The BIG 4-0

Jacob Michael Pigford arrived on 7-9-79 at 4:43 PM.

And our lives changed forever. For the better. Just like no one can really understand how great being a grandparent is until you are one. I couldn’t imagine what being a mom was going to be like until I became one. It’s the one thing I really wanted to ‘be’ when I grew up.

Last week’s post was about the first twenty or so years. Even though by then Jacob should have graduated from high school, we were still more or less in a toddler stage. A tall toddler. Puberty hit and it was hard but we made it! There weren’t big family birthday parties every year. And many, many years I forgot to even take a picture of him or us together. We celebrated by singing Happy Birthday and Jacob opening a few presents. Some years instead of a cake, he had favorites like brownies, donut holes, Monster Cookies, or cinnamon rolls. Each year he had some sort of musical toy as one of his gifts.

Below are some pictures of a few birthdays from the last twenty years. A note about one of the images below, the one where Jacob is on his bed and Mike is reading to him. I had commented on Facebook about it being Jacob’s birthday. We were overwhelmed with the number of friends that sent Happy Birthday greetings to Jacob. That night, Mike read every single comment to him while Jacob laid very still, taking it all in. Listening to every sweet wish. It was a precious moment that brings back teary eyes.

Seems once Jacob hit ‘adulthood’, I became better able to cope with passing years. The markers were no longer a factor but there was that reminder that as he was getting older, so were we. Cruel reality. It is a hard fact of life for families with special needs. The huge question, what will happen to them when I’m gone? Knowing none of us can predict the future, I’ve been able to take one day at a time.

When Jacob couldn’t handle the crowd of the *Joy Prom back in the spring, Mike made a comment about ‘he has us’. It was right then and there that I realized we could have our own dance party. This year was one of those decade birthdays for Jacob. It had been many years since he’d had a party so this seemed like a good year for a big one. Family, teachers, and his main sitters were invited to the celebration which took place the Saturday before his birthday.

Party Time!!

Jacob is turning 40!
We hope you can come, we most certainly do.
No presents are necessary, he’d just like to see you.
A simple party with music to twirl and dance.
If you’d like to shake a leg, now this is your chance.
We’ll sing Happy Birthday and give him his space.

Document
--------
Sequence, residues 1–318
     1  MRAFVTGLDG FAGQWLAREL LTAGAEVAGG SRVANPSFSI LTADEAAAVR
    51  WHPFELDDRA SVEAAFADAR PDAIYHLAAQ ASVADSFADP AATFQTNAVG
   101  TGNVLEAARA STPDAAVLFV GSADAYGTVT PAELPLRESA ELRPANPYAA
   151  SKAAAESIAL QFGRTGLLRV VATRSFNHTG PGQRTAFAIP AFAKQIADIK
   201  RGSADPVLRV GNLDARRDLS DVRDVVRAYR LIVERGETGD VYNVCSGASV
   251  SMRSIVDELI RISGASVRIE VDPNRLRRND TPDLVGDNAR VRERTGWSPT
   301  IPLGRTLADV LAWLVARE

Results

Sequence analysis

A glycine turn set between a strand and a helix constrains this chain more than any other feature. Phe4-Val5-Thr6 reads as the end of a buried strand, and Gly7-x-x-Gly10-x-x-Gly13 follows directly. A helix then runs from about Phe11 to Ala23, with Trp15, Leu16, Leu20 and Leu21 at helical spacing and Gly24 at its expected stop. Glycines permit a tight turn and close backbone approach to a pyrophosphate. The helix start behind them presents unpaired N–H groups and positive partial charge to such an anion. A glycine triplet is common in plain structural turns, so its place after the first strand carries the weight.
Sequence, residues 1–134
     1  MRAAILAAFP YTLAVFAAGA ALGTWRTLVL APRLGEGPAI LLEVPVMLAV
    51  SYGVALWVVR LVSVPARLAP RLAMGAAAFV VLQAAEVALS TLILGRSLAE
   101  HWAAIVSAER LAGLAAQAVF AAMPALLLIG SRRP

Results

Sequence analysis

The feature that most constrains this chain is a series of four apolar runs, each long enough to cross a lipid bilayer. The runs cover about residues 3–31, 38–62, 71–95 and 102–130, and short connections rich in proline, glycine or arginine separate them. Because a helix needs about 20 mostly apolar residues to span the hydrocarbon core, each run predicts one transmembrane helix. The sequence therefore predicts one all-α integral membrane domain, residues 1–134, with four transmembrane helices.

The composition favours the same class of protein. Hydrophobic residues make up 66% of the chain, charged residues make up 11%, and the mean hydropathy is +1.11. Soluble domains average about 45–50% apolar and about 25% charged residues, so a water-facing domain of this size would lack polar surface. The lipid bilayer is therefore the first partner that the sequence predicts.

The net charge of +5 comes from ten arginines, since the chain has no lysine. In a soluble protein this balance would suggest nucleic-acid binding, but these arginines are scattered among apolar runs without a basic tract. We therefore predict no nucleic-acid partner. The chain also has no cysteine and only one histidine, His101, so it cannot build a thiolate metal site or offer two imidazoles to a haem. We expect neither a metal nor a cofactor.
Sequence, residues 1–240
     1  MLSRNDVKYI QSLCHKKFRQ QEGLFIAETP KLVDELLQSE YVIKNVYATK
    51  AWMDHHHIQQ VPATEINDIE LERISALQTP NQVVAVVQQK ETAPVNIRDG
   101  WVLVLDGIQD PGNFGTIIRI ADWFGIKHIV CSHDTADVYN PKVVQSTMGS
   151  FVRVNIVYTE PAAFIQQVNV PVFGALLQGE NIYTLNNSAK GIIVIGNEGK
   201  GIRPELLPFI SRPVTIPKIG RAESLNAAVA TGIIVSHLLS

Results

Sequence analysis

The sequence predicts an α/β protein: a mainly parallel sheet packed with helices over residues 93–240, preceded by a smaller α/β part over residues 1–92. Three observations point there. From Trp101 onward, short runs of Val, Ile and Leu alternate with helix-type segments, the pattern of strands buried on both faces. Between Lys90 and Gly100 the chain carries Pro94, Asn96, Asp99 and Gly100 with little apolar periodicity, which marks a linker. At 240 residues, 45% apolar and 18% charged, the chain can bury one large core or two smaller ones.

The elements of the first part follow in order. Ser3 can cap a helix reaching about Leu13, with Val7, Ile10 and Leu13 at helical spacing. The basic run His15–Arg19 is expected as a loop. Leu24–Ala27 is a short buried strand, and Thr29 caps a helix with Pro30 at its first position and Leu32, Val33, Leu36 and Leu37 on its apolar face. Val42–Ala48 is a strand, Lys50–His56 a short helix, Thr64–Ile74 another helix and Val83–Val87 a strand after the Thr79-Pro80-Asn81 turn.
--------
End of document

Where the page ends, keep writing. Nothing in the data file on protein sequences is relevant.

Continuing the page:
Hoping the party will put a smile on his face.

Jacob’s mom

His Mamaw said, ‘I think we will always think of Jacob as young and little.’ And she is right. No way could my first-born already be turning 40. Ready or not, he is and we celebrated how special he is to so many people! Friends and family came just for our boy and he loved it. While I didn’t get pictures of all the friends and family that came, suffice it to say, I couldn’t have hoped for a better turnout for Jacob. From 2 years old up to 84, he was surrounded (as close as he will allow) by hearts of love. It was absolutely perfect for him.

We got there early to set up with balloons, some of Jacob’s favorite foods, and fun music. One of Jacob’s sitters went with me to keep him occupied and entertained. We brought his wheelchair and it worked perfectly to zoom around the building while the party room came to life. When he was given the opportunity to just roam where he wanted, we quickly realized he was aiming to escape. Remember, autism doesn’t typically love to be the center of attention.

Once everyone arrived, he was hesitant to come in the room. Seemed to prefer to stand in the hall and peer in. I decided that he’d join us once we started singing Happy Birthday. Surely, he couldn’t resist that. So, his Sunday School teacher starting playing the piano and we started singing loudly all toward Jacob in the hallway. I was wrong. Our singing didn’t lure him in to a cake with 40 candles burning. Yes, we sang to him from the party room while he was out in the hall leaning against the wall amused at our chorus of smiles. It was sooooooooo Jacob!! Once the commotion settled, he came back in and twirled at the end of the room to music his dad had downloaded. He had his own space and could enjoy the party goers from a distance.

And then the PRESENTS! He loves to open presents. It was hilarious. He’d throw tissue paper over his shoulder and quickly pull out the bag contents and move on to the next. He got so many fun shirts, a Kalimba (thumb piano), new MP3 player, and candy, chocolate, candy, chips, and more candy. Somebody Everybody knows Jacob loves candy!! And get this – one was a bag of Macaroni and Cheese Cheese Puffs. Yes, his guests knew his tastes! Again, it was perfect. My heart was overflowing. His celebration was fun and I do believe he loved every minute of it. Thanks from the bottom of my heart to all of those that made it so very special!!